On a rather chilling note for coal stakeholders, part of NREL’s aim is to provide affordable control systems and grid modernization solutions for small municipal utilities and rural electric cooperatives.
In the not too distant past, rural cooperatives were a staunch ally of coal. Though some are still bound by long term contracts, others are joining the rush to renewables as a matter of fulfilling their public benefit mission.
NREL already has one such grid modernization project already under way. It involves advanced control systems for the Colorado cooperative Holy Cross Energy, in partnership with the National Rural Electric Cooperative Association.
Coal Down But Not Out, But Still Down
The US still has a long way to go towards a fossil free energy future, but the pace of the transition is accelerating.
For example, last year word surfaced that a massive coal power plant in Pennsylvania would close in 2021, even though it has many more years left on its operating permit. In a surprise move last week, the plant’s owner pushed up the closure to November of this year.
For a long term perspective, last month the US Energy Information Agency toted up the decommissioning damage between 2010 and 2019, arriving at a figure of 546 coal-fired units retired.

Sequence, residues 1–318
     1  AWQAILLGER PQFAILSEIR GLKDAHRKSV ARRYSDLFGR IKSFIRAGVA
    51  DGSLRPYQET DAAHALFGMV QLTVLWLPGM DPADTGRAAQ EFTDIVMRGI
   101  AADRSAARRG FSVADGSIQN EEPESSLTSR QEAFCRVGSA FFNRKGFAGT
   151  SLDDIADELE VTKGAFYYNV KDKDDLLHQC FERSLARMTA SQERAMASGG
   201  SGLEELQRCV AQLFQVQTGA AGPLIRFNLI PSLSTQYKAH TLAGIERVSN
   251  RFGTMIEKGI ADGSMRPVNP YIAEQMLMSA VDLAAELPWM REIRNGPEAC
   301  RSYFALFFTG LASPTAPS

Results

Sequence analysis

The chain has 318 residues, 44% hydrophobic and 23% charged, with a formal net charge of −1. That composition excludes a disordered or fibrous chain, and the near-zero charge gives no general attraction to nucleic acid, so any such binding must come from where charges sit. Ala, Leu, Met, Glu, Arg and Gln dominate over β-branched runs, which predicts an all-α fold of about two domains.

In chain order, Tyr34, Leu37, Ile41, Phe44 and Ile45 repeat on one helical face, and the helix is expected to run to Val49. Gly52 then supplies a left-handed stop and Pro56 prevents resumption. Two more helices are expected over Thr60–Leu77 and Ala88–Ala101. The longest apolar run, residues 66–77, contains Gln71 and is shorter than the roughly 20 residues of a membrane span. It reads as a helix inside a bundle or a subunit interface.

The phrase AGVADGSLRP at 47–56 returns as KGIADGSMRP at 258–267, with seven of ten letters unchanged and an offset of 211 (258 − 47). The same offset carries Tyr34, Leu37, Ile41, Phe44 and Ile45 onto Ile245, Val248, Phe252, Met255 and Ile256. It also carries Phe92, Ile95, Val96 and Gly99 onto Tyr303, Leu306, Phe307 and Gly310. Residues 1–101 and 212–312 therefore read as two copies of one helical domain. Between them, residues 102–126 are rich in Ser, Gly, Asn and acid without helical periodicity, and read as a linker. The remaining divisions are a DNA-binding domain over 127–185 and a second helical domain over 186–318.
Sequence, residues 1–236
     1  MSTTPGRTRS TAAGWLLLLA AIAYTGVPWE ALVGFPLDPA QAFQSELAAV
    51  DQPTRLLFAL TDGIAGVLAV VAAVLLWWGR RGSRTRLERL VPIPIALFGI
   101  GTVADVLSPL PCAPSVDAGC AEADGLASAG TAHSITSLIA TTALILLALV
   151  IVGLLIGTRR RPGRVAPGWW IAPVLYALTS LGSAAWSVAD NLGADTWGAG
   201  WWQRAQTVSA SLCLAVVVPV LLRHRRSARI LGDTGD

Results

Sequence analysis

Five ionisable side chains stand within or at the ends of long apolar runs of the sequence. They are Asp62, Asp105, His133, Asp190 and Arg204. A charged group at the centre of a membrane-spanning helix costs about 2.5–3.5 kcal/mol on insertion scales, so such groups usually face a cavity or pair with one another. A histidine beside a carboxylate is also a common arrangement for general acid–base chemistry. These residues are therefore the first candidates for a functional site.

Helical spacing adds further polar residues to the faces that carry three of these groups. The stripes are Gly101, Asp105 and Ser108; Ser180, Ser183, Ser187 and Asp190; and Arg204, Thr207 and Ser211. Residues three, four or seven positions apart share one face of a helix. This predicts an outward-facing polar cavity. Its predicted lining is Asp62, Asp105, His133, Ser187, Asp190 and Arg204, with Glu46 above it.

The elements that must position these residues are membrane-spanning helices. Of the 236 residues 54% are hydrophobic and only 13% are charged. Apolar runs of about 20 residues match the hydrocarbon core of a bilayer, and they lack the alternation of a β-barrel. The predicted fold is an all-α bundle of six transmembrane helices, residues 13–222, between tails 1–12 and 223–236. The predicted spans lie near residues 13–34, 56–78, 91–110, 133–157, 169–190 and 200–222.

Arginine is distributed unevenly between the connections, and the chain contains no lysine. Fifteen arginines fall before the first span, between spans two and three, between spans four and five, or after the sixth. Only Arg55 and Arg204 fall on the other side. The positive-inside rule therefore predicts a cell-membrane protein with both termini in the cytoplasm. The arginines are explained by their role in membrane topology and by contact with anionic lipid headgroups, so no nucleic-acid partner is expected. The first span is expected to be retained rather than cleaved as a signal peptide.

EIA also teased out an important difference between the first and second halves of that 10-year time frame.
Up to 2015, retired coal power plants tended to be smaller and older. Among other factors, new air pollution standards under President Obama’s proposed Clean Power Plan may have helped motivate plant owners to transition to natural gas or shut down altogether, rather than installing pricey pollution control equipment.
The Clean Power Plan never went into effect, but EIA’s summary indicates that market forces are doing a good job of crushing coal on their own. According to EIA’s data, after 2015 coal retirements have tended to focus on larger, newer units. EIA elaborates:
The U.S. coal units that retired in 2018 had an average capacity of 350 megawatts (MW) and an average age of 46 years, compared with an average capacity of 129 MW and average age of 56 years for the coal units that retired in 2015.
Interesting, right? Competition from natural gas was a major factor before 2015. Since then, low cost wind and solar are also coming into play.
That dynamic also shows up in the annual data for coal retirements in terms of gigawatts. The high mark was 15 gigawatts retired in 2015, when planners and policy makers anticipated that the Clean Power Plan would be implemented.
The pace did slow in the following two years, but retirements in 2018 came alarmingly close, at 13 gigawatts.
If you have any more thoughts about what that larger/newer trend means, drop us a note in the comment thread.
As for the grid of the future, EIA painted a gloomy picture for coal stakeholders:
Coal-fired power plants in the United States remain under significant economic pressure. Many plant owners have retired their coal-fired units because of relatively flat electricity demand growth and increased competition from natural gas and renewables.
CleanTechnica is reaching out to NREL for more details on that Holy Cross demo project, so stay tuned for more on that.
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Image (screenshot): Via NREL.